• Passive voice: The project was completed by the team on time.
  • Active voice: The team completed the project on time.

In the passive voice version, the subject (the project) is being acted upon, while in the active voice version, the subject (the team) is performing the action. By using the active voice, you can make it clear who or what is doing something, and give them the spotlight in your sentence. This can help you create more effective and powerful writing that clearly communicates your message.

4. Avoids Passive Constructions and Confusion

Using the active voice can also help you avoid passive constructions and confusion in your writing. Passive constructions are sentences in which the subject is being acted upon, rather than performing the action, and they can make your writing more wordy and less clear.

For example, consider the following two sentences:

  • Passive voice: The cake was baked by Mary.
  • Active voice: Mary baked the cake.

In the passive voice, the subject (the cake) is being acted upon, which can make the sentence less clear and more confusing. Who baked the cake? Is Mary the one who baked it, or is she the one who ate it? The passive voice doesn’t give us this information clearly and directly, which can lead to confusion. By using the active voice, you can avoid passive constructions and make it clear who or what is doing what in your writing. This can help you communicate your message more effectively and avoid confusion.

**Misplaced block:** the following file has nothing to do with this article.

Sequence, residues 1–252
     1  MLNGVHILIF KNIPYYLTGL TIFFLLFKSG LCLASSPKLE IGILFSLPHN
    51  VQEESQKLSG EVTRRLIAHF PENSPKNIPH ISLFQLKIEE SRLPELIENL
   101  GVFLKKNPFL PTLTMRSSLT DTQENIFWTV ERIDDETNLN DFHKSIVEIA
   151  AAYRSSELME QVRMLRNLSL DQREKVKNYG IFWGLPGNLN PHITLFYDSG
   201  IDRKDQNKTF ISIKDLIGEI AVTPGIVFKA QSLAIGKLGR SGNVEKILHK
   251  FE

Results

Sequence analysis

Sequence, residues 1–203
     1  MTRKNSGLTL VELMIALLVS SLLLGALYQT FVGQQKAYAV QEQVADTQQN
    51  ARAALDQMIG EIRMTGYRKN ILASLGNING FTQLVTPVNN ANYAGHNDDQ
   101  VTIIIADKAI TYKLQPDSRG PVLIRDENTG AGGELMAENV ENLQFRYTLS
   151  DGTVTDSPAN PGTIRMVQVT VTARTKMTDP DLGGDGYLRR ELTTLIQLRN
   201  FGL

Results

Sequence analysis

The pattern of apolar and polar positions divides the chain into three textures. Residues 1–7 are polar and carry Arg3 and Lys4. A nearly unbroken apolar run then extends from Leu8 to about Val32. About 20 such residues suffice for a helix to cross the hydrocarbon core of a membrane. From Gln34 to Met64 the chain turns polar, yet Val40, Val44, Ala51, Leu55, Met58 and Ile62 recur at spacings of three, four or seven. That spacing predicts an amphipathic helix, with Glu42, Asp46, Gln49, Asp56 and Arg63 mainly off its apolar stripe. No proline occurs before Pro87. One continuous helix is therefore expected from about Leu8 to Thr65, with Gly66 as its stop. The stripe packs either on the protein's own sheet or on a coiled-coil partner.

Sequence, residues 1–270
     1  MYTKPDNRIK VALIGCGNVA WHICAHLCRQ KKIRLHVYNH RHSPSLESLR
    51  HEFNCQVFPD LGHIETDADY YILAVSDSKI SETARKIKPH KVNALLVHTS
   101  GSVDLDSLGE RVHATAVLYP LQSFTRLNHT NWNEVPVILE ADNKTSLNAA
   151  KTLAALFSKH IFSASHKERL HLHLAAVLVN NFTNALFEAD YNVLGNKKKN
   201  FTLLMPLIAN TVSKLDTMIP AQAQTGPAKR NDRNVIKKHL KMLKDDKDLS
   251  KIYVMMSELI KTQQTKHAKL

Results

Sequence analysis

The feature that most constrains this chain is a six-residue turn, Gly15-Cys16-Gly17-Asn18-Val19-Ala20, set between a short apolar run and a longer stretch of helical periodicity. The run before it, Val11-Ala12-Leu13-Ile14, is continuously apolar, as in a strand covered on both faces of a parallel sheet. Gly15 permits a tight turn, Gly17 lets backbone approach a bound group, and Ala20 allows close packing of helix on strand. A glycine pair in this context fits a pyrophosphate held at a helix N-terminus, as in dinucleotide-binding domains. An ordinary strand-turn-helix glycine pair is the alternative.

In this Active Voice, the subject (Mary) is performing the action (baking), which makes it clear who did what. Using the active voice can help you create more straightforward and easy-to-follow sentences that avoid confusion and ambiguity.

5. Enhances the Flow and Cohesion of Your Writing

In addition to the other benefits of using the active voice, it can also enhance the flow and cohesion of your writing. When you use the active voice consistently in your writing, it can create a sense of coherence and unity, making it easier for readers to follow your ideas and arguments. In contrast, switching between the active and passive voice can disrupt the flow of your writing and make it feel choppy and disjointed. By using the active voice consistently, you can create a more cohesive and coherent piece of writing that flows smoothly and engages readers.

Conclusion

As you’ve seen, the active voice is a valuable tool for effective and engaging writing. It can improve the clarity and concision of your sentences, make them more dynamic and engaging, emphasize the actor in a sentence, avoid passive constructions and confusion, and enhance the flow and cohesion of your writing. Whether you’re a student, professional, or just someone who enjoys writing for fun, the active voice has something to offer you. So next time you sit down to write, consider using the active voice and see how it can transform your writing for the better.

Further Reading:

10 Tips for Writing Effective Introductions to Your Blog: Why You Need Them and How to Craft Them

10 Tips for Writing Effective Conclusions to Your Blog: Why You Need Them and How to Craft Them